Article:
redefinED atlanta, an education nonprofit dedicated to ensuring that every student in Atlanta has the opportunity to attend a great public school, is pleased to announce that Perri D. Chandler and Patrice Johnson will both serve on its board of directors. Chandler and Johnson were a part of redefinED atlanta’s Board Development Program, an opportunity designed to create a pathway for parents and caregivers, APS alumni and other community advocates to join redefinED atlanta’s Board of Directors. 

redefinEd atlanta sought individuals interested in sharing their experiences to help shape advocacy decisions and grantmaking that impacts students and schools in Atlanta Public Schools, and who are interested in stepping into a multi-year volunteer board position at the end of our six-month preparation program.

Perri strives to create communities of respect in schools and neighborhoods through educational workshops with students, teachers and staff, parents and caregivers and community members. The goal of the work is to create inclusive, diverse, and brave environments by naming our intersecting identities, exploring and taking ownership of our explicit and implicit biases, dismantling positive and negative stereotypes, and acknowledging all levels of power and privilege.

She is an Atlanta Public Schools graduate, a graduate of American University, an anti-bias facilitator with the Anti-Defamation League, an ACTivator with ACT Consulting group, a member of VOX Teen Communications’ board of directors and a pop-culture enthusiast.

“The redefinED atlanta Board Development Program was a uniquely empowering experience. As a parent in APS, with limited board experience with other organizations, it was very helpful to have a facilitator lead us through a very detailed explanation of board culture and responsibilities at each level,” said Perri. “ As a member of the cohort, I enjoyed engaging in conversations about personal investments and individual strengths in our common interest of equity in, and access to, quality education.”

Johnson is the Founding MOM and CEO of Inspired MOM. The mission of her organization is to inspire moms on their parenting journey to create the life they love and deserve. For more than 10 years, she’s helped moms press the reset button by hosting mom-only events, which include MOMS NIGHT OUT and an annual MOTHERS APPRECIATION DINNER.     

Patrice has more than 15 years of experience working with youth  in roles as a  pre-K paraprofessional, homeschool teacher and nanny. Her previous roles in education and childcare fuel her passion to be a member of the redefinED atlanta board.

Johnson is proud to be a Georgia native, born at Grady Hospital and an APS graduate. Most important, she’s a mother of two amazing girls who are students in Atlanta Public Schools. She enjoys event planning, DIY projects and her new hobby of skyline touring.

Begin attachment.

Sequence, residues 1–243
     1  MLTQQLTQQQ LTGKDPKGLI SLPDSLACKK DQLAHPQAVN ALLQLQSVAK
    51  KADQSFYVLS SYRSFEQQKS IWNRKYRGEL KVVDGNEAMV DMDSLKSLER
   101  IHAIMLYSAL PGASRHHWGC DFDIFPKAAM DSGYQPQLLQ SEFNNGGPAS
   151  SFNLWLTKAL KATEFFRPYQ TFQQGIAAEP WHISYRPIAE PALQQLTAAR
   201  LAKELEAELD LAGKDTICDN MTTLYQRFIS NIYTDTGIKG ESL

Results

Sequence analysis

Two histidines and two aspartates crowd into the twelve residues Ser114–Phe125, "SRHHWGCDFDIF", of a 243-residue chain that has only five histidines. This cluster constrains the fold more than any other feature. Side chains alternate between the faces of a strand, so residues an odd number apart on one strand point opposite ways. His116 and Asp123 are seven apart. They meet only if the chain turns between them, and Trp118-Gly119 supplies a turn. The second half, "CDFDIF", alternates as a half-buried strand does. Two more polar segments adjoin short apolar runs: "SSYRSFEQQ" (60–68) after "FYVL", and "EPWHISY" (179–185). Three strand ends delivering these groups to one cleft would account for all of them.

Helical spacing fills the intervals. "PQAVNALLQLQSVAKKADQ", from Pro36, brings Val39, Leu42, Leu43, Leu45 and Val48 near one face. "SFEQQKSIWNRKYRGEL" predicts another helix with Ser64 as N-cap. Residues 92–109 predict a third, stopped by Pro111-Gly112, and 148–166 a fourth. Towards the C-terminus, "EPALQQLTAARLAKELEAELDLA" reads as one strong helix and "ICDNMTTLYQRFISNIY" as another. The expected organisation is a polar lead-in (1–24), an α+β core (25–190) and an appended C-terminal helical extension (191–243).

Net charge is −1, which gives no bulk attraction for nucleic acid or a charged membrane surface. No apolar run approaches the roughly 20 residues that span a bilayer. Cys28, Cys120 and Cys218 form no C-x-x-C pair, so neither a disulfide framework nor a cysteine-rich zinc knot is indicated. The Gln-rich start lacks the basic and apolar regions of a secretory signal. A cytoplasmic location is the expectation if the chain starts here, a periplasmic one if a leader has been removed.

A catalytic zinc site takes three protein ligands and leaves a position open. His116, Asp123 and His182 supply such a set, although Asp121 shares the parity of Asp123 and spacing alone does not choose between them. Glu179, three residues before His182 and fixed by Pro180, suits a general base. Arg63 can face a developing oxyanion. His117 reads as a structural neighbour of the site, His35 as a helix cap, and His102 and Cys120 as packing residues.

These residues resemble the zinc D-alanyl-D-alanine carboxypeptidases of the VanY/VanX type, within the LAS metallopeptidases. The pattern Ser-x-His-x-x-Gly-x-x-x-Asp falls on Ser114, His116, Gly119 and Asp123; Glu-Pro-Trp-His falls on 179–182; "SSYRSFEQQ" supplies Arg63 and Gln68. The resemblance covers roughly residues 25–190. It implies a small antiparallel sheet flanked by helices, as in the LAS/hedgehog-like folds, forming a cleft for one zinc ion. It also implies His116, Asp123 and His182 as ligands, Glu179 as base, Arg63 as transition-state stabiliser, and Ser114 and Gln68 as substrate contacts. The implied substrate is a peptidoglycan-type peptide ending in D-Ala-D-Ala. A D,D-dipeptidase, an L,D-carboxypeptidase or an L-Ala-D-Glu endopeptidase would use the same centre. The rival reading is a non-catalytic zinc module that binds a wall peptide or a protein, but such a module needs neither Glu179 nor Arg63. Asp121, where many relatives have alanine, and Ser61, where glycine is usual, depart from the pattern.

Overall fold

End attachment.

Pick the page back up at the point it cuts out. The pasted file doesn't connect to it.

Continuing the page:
“I’m excited to be on the right side of history with the present state of reconstruction and the future bearing quality education for all students,” said Patrice. 

Chandler and Johnson join redefinED atlanta’s board, a collective of community leaders who will help advance the organization’s mission of every student in every community attending a great public school, and understand the challenges and shared experiences faced by students from systematically underserved communities.

Lastly, redefinED atlanta is excited to share two new additions to its 2022 Membership Committee. Katrina Rucker will serve on the external relations committee and Sandi Stallings will serve on the investment committee. 

Click here to learn more about our board of directors and team!

redefinED atlanta welcomes Sarah Hall as its new executive assistant

Sarah Hall, Executive Assistant
redefinED atlanta, an education nonprofit dedicated to ensuring that every student in Atlanta has the opportunity to attend a great public school, is pleased to announce that Sarah Hall has joined the team to serve as its executive assistant. Sarah has nearly a decade of experience in the nonprofit sector. Much of her career has centered on working with youth and families in education based community organizations. Most recently she worked on the administrative and operations team at a nonprofit organization supporting young people experiencing the foster care system. She is excited to join the redefinED atlanta team and return to her passion of supporting education based nonprofits. In her role as the Executive Assistant at redefinED atlanta, Hall will serve as the administrative point of contact for the organization. She earned a Bachelor of Science in Human Development and Family Studies from The Pennsylvania State University and a Master of Science in Psychology from Southern New Hampshire University.